There is little “matching the hatch” with taimen, so it’s a great opportunity for tyers to get creative at the vice.
Perhaps the most critical component of every taimen fly is the hook. Taimen have a very hard mouth structure, and like a tarpon they can be very hard to hook. A stout hook with a large gape (2/0 – 4/0) is important. And the sharpest possible hooks are even more important. The sharper the hook, the better the odds of landing a taimen.
Clothing and Wading Gear:
Weather in Mongolia is quite similar to Montana. Some days it is quite sunny and warm. Other days it can snow, with anything in between. Sometimes we see it all in one day! The most common questions every morning throughout most of the season are about what to wear, and will there be wet-wading or wadering up. There are days you’ll start in shorts and wading sandals, have your waders, rain jacket, and warm layers on by lunch, and be back in shorts by the end of the day. Be prepared for all eventualities!
For waders, breathable Gore-Tex waders are the way to go. Rubber-soled boots are recommended in Mongolia, as these are wild, pristine rivers and felt-soles run the risk of importing potentially devastating aquatic invasive species. And because we spent a lot of time in drift boats and inflatables, no studs are allowed.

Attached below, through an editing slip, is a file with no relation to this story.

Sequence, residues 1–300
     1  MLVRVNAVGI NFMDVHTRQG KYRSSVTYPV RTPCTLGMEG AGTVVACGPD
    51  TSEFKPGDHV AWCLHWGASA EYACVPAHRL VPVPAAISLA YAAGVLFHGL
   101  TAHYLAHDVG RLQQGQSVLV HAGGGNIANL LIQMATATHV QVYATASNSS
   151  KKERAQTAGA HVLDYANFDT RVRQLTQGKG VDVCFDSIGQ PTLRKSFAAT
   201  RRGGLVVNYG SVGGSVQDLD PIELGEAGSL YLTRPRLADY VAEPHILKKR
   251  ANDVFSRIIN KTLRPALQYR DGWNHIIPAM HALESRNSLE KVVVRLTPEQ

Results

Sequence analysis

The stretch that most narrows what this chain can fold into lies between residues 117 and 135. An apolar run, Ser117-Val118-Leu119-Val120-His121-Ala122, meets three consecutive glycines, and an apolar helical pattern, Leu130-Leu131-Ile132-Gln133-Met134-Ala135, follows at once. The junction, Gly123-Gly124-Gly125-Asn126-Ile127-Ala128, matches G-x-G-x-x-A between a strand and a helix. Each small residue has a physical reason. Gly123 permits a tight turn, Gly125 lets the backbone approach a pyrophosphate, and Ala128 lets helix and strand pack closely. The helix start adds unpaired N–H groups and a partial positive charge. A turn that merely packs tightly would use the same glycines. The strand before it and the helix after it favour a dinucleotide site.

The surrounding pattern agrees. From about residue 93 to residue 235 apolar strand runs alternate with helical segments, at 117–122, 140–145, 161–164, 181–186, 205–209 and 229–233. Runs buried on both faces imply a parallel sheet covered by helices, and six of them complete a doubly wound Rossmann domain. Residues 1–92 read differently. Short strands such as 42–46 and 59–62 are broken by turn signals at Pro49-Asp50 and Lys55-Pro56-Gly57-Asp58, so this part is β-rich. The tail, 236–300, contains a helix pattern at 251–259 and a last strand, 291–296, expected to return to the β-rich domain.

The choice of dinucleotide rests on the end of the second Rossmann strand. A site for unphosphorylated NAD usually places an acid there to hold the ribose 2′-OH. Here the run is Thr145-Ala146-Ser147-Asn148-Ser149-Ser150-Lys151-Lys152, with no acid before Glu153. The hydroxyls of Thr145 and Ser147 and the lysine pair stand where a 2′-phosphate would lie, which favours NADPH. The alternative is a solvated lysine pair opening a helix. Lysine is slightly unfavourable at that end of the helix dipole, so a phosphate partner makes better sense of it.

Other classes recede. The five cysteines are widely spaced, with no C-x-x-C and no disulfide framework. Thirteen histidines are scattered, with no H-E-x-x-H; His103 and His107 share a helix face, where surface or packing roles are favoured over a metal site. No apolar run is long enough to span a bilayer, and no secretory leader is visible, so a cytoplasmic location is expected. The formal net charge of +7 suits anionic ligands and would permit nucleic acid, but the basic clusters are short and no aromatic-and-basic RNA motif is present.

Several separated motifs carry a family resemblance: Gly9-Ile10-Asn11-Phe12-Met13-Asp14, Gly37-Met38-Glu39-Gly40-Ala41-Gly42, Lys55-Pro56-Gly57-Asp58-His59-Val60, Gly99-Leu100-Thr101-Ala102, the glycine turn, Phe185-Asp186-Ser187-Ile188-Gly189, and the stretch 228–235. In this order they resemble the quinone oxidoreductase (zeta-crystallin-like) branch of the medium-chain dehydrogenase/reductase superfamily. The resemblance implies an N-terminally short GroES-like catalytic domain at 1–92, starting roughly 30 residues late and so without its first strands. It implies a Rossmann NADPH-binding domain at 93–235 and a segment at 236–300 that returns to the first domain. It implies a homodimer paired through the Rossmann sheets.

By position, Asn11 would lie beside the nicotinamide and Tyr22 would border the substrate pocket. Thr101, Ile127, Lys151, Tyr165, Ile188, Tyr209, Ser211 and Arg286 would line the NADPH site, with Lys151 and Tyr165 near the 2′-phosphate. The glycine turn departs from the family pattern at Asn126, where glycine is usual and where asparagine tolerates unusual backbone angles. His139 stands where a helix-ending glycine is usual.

The varied weather conditions make a layered-clothing approach a must. Plan on some lightweight clothing for warm sunny days (shorts, lightweight fishing pants, lightweight fishing shirts, etc). You’ll also want to bring cold-weather gear, especially for trips later in the season (fleece wading pants, midweight baselayer tops, a heavier fleece or windstopper jacket, and of course a good breath-able Gore-Tex rain jacket).
These are float trips where you’ll cover 100-200 river miles during the course of your adventure. Please be sure your camp bags are 100% waterproof. And by that we mean submersible. On the river, your luggage will be transported primarily by boat. This means it will be exposed to the elements. Beware of non-waterproof zippers!
You’ll want three different types of luggage:
- One bag to leave at the hotel in Ulaanbaatar with your “city” gear